Many of today’s younger drivers might find it surprising that the compulsory wearing of seat belts is a relatively recent requirement here in the UK. It’s true that there had been various earlier efforts to bring in a seat belt law, dating back to 1973, but it wasn’t until ten years later – on January 31, 1983 – that motorists in Britain were finally required to ‘belt up’ by law.

With the benefit of hindsight, it seems incredible that arguments over the loss of personal freedom won the debate for a whole decade before the government finally managed to introduce seat belt compulsion – and even then it was only for an initial three-year period. By 1986, however, both Houses of Parliament voted overwhelmingly for the law to be made permanent, and within a further five years it also became a legal requirement for all rear seat passengers to wear seat belts.

Once the initial 1983 law had been passed, official statistics showed a 25 per cent decrease in driver fatalities and a 29 per cent reduction in fatal injuries among front seat passengers, reinforcing the case for seat belt usage. And yet, according to government figures recently revealed by the Institute of Advanced Motorists (IAM), of the 232 car occupants killed in accidents in 2013, a total of 45 were found to be not wearing a seat belt – or almost one-fifth of those killed.

Such figures come as something of a shock after more than three decades of seat belt compulsion, particularly as the effectiveness of seat belts as a life-saving device is without question. According to the IAM, drivers’ seat belts are 50 per cent effective at preventing fatal injuries and 45 per cent effective at preventing serious injuries. Even if some drivers refuse to accept such well-proven statistics, they run the risk of on-the-spot fines of £100 and three penalty points if they’re pulled over by the police.

Kevin Delaney, the IAM’s head of road safety, believes that complacency is the biggest challenge when it comes to seat belt usage: “Quite simply people feel it will never happen to them. They think if they are driving locally and at a low speed, they will be okay. Statistics show that many accidents not only take place at low speeds but also within a few miles of home – so people are mistaken if they think that makes them safer.”

Things are a little hazier, of course, when it comes to the issue of seat belts in classic cars, as the law states that pre-1965 vehicles aren’t legally required to have seat belts fitted. But how many of us are completely up-to-date with our knowledge of seat belt law for older vehicles? And is there anything we can do to improve the safety of ourselves and our passengers?

We’ve come a long way since the early ’Seventies, when the now disgraced Jimmy Saville became the face of the government’s ‘Clunk Click Every Trip’ safety campaign. To a certain extent it worked, with seat belt usage rates increasing from 30 per cent to 40 per cent – a fairly impressive statistic at a time when many motorists were still sceptical of the safety argument. Inevitably, however, the only way to achieve higher figures was through compulsion, and it’s estimated that around 95 per cent of motorists now comply with Britain’s seat belt laws. For classic car owners, however, the rules are less straightforward.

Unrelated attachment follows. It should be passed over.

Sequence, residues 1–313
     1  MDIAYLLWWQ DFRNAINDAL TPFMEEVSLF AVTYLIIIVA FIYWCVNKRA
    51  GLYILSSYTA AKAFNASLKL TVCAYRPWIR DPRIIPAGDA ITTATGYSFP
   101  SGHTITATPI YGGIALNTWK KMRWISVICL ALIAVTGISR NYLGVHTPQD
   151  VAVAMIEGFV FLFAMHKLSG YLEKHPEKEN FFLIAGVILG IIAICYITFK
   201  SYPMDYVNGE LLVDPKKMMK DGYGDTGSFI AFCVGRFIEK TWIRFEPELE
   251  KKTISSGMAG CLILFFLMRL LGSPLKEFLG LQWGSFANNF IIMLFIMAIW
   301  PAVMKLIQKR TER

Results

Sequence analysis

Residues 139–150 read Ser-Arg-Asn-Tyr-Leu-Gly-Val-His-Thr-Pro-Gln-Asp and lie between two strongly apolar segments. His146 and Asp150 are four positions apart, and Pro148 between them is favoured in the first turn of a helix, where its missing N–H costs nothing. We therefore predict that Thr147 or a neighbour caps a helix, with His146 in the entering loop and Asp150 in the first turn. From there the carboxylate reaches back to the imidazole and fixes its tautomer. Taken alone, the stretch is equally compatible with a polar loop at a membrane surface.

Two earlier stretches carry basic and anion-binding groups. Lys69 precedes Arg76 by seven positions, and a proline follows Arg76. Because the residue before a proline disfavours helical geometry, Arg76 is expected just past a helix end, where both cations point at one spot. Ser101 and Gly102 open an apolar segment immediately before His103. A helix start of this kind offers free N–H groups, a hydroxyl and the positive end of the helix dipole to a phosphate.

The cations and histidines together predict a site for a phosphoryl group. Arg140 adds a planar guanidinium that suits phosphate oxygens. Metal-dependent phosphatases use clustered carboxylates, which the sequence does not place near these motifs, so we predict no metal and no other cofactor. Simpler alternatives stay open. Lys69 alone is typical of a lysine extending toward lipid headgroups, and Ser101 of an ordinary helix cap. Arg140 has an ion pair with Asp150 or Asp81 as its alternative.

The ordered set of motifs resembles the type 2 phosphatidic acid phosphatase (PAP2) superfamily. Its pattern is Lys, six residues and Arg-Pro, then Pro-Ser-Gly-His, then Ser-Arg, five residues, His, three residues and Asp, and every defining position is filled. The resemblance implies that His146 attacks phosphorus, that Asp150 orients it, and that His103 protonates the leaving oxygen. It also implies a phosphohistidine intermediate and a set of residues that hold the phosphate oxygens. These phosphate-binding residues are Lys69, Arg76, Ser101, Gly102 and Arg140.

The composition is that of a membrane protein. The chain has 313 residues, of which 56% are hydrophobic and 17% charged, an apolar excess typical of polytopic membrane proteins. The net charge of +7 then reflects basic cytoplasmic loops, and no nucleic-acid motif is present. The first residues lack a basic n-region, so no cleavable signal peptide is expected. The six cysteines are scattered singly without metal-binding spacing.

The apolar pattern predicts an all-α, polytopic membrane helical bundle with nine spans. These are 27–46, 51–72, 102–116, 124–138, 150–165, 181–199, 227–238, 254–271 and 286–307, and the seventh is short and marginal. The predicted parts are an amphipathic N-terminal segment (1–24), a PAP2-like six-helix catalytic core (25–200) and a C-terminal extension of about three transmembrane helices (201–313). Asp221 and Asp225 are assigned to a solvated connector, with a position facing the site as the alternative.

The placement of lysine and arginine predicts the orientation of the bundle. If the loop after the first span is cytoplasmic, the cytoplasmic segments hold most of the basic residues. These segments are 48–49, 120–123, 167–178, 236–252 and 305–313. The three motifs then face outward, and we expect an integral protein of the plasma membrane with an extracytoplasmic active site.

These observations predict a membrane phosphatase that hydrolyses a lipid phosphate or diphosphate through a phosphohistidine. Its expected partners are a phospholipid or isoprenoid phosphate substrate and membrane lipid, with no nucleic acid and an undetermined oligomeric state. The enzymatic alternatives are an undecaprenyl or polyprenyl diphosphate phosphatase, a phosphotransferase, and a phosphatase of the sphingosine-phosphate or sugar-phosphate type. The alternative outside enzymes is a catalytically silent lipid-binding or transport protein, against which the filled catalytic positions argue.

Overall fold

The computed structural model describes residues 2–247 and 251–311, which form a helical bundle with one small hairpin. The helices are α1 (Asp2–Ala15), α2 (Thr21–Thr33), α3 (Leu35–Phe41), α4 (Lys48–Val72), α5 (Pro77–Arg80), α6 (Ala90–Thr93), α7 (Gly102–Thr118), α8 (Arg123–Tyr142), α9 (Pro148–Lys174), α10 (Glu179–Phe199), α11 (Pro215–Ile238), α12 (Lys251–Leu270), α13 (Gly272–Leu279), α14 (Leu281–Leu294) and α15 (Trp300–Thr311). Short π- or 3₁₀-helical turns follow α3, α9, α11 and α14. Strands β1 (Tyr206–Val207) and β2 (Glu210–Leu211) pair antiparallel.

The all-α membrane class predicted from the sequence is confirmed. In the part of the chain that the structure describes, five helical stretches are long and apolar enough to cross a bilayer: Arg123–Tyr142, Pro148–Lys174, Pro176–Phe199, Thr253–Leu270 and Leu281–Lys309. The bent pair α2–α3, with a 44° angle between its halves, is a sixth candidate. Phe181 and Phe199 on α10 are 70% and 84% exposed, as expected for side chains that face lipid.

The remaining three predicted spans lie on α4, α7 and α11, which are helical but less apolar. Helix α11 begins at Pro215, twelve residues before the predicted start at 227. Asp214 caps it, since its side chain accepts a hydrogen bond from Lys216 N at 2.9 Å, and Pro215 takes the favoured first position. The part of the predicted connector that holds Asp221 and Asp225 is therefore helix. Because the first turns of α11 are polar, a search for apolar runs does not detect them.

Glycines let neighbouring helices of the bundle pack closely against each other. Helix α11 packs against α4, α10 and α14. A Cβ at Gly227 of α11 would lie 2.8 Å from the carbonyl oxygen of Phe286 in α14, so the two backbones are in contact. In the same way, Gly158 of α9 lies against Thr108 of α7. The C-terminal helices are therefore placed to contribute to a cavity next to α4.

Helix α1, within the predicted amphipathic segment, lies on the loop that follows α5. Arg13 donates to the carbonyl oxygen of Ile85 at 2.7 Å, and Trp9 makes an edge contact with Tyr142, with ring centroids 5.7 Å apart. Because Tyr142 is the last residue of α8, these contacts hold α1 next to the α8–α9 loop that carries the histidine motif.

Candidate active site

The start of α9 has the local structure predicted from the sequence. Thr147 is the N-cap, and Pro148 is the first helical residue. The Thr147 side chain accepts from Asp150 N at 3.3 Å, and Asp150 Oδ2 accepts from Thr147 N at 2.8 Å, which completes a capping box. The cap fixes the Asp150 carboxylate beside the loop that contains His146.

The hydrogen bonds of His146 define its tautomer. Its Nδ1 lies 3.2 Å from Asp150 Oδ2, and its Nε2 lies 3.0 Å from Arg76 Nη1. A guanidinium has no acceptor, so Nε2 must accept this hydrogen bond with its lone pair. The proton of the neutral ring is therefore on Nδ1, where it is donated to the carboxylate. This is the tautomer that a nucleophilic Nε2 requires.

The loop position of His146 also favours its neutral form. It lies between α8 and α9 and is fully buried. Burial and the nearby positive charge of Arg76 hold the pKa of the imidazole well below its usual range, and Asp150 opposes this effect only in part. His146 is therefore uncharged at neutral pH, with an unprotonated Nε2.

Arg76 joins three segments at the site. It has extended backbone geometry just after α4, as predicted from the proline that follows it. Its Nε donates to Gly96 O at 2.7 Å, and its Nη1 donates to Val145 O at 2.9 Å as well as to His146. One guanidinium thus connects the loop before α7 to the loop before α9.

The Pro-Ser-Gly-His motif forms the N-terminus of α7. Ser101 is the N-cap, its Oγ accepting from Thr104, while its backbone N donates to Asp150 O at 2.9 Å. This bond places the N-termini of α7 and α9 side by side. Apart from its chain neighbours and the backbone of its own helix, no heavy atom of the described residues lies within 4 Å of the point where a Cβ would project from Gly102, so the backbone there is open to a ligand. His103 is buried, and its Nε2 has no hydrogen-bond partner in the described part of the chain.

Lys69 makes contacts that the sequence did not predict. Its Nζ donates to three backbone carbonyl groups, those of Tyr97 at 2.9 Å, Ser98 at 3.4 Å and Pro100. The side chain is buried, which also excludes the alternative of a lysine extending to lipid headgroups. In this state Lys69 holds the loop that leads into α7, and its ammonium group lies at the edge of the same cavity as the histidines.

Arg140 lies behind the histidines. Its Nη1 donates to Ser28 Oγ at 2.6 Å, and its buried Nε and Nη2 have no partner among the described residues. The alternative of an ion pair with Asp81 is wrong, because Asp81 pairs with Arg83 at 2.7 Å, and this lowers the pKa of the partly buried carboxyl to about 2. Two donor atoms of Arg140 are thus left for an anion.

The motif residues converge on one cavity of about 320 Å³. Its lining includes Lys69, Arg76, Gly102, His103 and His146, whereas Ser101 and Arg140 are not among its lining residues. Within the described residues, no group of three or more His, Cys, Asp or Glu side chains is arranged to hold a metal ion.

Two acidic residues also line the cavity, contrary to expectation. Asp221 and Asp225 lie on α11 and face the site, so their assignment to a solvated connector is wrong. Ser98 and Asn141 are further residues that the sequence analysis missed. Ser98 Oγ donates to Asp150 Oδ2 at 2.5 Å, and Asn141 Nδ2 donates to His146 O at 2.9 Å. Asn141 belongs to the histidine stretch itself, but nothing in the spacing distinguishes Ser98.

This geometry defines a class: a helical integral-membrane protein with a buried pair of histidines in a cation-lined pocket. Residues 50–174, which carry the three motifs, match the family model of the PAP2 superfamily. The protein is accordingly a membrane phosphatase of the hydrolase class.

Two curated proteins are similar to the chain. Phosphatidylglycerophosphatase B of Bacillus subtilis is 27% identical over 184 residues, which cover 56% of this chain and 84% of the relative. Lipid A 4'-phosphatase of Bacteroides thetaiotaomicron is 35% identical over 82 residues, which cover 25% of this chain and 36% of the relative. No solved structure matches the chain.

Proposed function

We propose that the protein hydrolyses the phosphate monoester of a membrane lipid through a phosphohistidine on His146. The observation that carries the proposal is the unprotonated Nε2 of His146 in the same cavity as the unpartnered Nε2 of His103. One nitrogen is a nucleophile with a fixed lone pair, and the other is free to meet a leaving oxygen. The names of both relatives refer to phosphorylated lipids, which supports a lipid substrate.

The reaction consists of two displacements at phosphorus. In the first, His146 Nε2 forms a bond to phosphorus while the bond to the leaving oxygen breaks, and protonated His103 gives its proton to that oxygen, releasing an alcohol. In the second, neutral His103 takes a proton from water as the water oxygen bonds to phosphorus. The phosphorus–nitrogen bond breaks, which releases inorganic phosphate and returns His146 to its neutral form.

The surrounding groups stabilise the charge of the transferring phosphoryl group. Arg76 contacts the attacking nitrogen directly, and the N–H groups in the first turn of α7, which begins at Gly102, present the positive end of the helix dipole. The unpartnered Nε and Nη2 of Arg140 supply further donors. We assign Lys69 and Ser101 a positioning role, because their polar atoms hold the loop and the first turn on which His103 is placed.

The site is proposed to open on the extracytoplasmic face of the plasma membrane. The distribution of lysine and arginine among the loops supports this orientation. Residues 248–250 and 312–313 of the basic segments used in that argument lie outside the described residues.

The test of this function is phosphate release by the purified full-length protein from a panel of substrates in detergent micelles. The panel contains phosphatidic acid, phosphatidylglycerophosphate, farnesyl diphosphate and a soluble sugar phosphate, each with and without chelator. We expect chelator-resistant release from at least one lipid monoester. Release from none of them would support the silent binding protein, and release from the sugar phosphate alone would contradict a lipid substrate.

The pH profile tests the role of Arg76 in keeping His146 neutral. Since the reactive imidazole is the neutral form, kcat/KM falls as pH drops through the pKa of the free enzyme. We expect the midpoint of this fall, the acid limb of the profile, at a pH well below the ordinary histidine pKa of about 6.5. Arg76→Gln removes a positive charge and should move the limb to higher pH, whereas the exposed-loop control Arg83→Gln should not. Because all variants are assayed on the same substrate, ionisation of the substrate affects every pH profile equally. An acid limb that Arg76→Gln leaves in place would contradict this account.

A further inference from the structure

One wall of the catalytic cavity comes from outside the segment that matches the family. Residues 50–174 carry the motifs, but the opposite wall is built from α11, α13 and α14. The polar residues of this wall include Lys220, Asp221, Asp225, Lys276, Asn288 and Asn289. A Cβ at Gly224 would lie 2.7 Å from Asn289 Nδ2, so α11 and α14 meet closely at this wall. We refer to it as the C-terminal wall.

Thanks to the fact that it only became compulsory for car manufacturers to fit front seat belt anchorage points from late 1964, owners of pre-1965 classics still have no legal obligation to fit seat belts. The official line from is as follows: “Cars and light vans constructed after the end of 1964 but prior to 31 March 1987 must be fitted with seat belts for the driver’s seat and outer passenger seat (if fitted). No belt is required for a central front passenger seat.”

The rules are different, however, for vehicles built later: “Cars and light vans constructed after 1 April 1987 must be fitted with belts for each seat,” explains – and that includes rear seats. The latter point is an important one, as it wasn’t until 1987 that all new cars were required to have rear seat belts fitted as standard.

But there are important issues to bear in mind for owners of older cars. Did you know, for example, that it’s illegal for any child under the age of three to be a passenger in a vehicle without seat belts? This is what has to say on the subject: “If your vehicle doesn’t have seat belts, for example it’s a classic car, you aren’t allowed to carry any children under 3 years old in it. Children over 3 are only allowed to sit in the back seats. These rules only apply if your vehicle was originally made without seat belts.”

We hope, of course, that no parent or guardian would take any risks – legal or otherwise – when transporting children. And the good news is that there is help out there for any classic car owners looking to protect passengers of all ages, with a range of retro-fit seat belts and harnesses available from companies like Quickfit Safety Belt Service (, which also provides technical advice for any owners looking for the full rundown on fitting seat belts to their particular make and model.

So one final question remains: Would you divert away from the original spec of your pre-1965 classic by installing seat belts for extra safety, or are you a classic owner who insists on originality all round?